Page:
Preamble: Today was my last day at FSC Internet but I started writing the piece below some time ago. It still needs some work, so it’ll probably get a few more edits as time goes along, but I wanted to post it up here to mark the day I left the field of Internet security. 🙂
Ever since I started working for an Internet security company, I’ve been using PGP (GnuPG) a lot more both in my daily work, and at home. Even though PGP has been around for ages, it hasn’t been widely adopted. Even other secure e-mail technologies like S/MIME have not enjoyed wide acceptance either. I started to ask myself why, and I’ve come up with a number of explanations as to why secure e-mail hasn’t taken off:
- Insufficient size of critical user base. This is the classic technology adoption problem that faced inventions from the cell phone (who are you going to call if nobody else has one) to the VCR (what are you going to play in your VHS VCR if all the movies are still in BetaMax). With PGP, the problem is compounded by the fact that the trust value of your key is affected by the trust value of the keys of the peers that have signed your key; if nobody signs your key, the trust value of it is very low.
- No interoperability between competing secure e-mail technologies. In part, we can blame the invention of proprietary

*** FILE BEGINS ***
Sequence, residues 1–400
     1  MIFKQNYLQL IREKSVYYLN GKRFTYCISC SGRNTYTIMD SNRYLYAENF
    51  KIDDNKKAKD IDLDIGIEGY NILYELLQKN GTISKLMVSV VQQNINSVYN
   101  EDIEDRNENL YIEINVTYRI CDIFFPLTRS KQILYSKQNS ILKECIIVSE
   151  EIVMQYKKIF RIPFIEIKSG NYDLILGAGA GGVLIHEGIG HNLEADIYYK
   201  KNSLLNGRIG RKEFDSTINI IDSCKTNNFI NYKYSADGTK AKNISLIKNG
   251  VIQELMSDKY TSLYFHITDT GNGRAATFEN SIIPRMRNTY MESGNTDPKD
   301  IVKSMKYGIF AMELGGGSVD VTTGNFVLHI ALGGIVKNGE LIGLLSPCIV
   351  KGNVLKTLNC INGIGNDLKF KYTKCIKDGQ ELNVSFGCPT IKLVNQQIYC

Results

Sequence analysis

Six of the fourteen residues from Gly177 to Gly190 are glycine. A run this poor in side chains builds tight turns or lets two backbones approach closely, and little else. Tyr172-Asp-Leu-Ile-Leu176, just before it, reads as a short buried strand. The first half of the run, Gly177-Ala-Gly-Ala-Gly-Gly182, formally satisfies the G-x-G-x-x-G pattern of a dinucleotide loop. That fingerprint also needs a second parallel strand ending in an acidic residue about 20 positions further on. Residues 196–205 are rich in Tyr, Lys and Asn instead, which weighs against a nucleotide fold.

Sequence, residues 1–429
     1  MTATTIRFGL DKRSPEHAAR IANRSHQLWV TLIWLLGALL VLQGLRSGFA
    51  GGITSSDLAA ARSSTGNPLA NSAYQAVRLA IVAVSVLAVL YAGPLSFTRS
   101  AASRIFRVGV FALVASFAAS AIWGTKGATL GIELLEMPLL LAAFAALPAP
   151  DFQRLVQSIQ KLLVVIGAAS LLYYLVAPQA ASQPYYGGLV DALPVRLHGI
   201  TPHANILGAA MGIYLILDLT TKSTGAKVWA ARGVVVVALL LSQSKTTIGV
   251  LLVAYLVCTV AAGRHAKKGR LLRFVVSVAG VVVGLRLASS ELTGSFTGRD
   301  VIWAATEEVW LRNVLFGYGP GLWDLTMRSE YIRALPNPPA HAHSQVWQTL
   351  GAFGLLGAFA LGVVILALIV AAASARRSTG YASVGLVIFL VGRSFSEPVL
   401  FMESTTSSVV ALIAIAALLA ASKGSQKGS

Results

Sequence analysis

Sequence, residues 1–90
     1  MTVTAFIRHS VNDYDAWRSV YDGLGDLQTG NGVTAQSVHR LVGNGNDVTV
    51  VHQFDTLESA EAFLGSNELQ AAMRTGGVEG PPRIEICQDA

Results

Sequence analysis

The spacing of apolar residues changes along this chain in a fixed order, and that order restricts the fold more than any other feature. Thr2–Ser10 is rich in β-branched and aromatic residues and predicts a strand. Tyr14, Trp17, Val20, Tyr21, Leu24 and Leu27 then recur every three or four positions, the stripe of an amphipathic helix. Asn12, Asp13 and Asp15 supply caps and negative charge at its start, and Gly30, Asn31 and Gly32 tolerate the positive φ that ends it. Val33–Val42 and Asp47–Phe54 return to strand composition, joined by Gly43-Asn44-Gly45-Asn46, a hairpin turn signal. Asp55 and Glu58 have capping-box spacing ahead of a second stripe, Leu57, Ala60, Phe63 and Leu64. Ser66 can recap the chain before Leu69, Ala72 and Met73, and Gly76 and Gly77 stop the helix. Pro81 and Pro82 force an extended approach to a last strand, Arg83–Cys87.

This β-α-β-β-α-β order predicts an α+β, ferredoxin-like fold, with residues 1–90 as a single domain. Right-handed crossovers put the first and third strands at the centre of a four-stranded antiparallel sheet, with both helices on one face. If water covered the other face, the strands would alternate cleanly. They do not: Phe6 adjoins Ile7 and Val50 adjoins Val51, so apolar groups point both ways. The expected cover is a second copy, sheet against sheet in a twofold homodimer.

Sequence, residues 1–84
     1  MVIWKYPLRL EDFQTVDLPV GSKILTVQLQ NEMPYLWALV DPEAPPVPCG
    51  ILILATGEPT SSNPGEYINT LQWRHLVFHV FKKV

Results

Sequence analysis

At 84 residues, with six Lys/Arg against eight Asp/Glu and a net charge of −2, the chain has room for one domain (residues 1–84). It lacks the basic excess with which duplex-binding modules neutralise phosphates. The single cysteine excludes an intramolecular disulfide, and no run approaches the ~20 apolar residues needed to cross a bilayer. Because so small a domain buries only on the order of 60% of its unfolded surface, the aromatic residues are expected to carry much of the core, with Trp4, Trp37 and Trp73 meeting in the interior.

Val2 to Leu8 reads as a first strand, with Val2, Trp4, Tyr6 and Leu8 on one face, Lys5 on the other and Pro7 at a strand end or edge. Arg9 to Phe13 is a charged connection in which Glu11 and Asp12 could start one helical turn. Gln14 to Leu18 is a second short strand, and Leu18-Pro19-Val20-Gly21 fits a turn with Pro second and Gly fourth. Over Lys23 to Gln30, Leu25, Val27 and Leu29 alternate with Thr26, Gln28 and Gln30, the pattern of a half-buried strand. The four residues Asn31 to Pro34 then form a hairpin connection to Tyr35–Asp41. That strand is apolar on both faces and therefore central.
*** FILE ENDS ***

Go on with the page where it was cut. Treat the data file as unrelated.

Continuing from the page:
and closed technologies like that "Secure E-mail Certificate" widget in Microsoft Outlook. PGP has been around for years; why didn’t they just use that? On the other hand, PGP itself has been through many mutually incompatible revisions; PGP 2.x; Network Associates PGP 5.0, PGP 6.0, and finally, GnuPG as an open-source alternative to PGP proper. Such needless forking does nothing to build the image of secure e-mail technology as reliable and robust.
- Poor GUI frontends to PGP. Before writing this piece I decided to do some investigation as to what frontends were out there, that are still being actively maintained. There certainly aren’t a lot. On this Debian GNU/Linux box I picked out two that appeared worthwhile: gpgp and kgpg. gpgp as I soon discovered was out of date. kgpg core dumped when I tried to retrieve keys from a remote keyserver. Neither of them implements the features that I would want in a front end, namely, easy modification of all parameters of a given key on the keyring, including trust levels, adding and removing signatures, and so on.
Fundamentally, though, these aren’t insurmountable problems. Technical and adoption issues, while irritating, are comparably easy to fix. (Okay, convincing Microsoft to use PGP in Outlook might be more difficult, but even the PGP GUI is a problem waiting to be solved.) It’s my belief that the lack of interest in secure e-mail technologies as a whole is motivated by people’s desire to not only be anonymous on the Internet, but to never be held accountable for anything they say.
Perhaps I’ve been hanging around too many marketing weasels, but there are plenty of folks who don’t want to be held accountable at a later date for some bald statement they made today. I’m sure that the Enron and WorldCom executives wished they hadn’t sent certain e-mails that are now sitting in evidence vaults. Those e-mails would probably carry even more weight (against said executives) if they were digitally signed with the originator’s PGP key.
The lesson to be learned here is one that relates to human nature. Once you have attached a digital signature to something, you can’t take it back. Ever. Particularly if the message is in the public domain, it can come back to haunt you. This is not generally what people want to hear; it makes them feel less secure, not more. This is the critical flaw in secure e-mail technology.